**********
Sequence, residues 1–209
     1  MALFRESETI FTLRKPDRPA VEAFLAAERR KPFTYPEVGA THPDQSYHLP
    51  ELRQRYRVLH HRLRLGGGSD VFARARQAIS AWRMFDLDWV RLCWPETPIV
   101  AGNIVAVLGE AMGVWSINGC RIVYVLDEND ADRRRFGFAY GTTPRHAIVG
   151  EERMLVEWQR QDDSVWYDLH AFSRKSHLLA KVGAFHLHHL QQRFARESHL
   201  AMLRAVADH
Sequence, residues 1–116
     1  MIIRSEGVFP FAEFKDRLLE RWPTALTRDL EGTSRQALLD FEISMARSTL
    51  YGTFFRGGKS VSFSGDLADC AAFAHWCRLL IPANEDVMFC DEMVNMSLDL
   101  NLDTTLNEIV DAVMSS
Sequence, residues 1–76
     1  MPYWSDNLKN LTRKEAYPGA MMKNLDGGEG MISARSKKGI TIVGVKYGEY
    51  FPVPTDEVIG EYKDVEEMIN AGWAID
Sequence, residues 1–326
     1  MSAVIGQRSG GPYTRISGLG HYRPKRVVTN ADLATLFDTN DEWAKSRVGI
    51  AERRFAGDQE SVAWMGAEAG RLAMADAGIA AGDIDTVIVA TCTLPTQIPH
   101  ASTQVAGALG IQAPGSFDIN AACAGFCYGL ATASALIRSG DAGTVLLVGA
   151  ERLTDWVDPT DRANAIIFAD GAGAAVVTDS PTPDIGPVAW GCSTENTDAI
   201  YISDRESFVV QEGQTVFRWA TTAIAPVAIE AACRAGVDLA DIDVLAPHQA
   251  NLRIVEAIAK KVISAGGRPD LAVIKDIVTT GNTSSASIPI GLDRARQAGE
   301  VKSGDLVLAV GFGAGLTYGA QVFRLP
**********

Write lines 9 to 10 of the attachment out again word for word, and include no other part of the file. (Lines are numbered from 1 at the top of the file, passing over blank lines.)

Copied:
    51  YGTFFRGGKS VSFSGDLADC AAFAHWCRLL IPANEDVMFC DEMVNMSLDL
   101  NLDTTLNEIV DAVMSS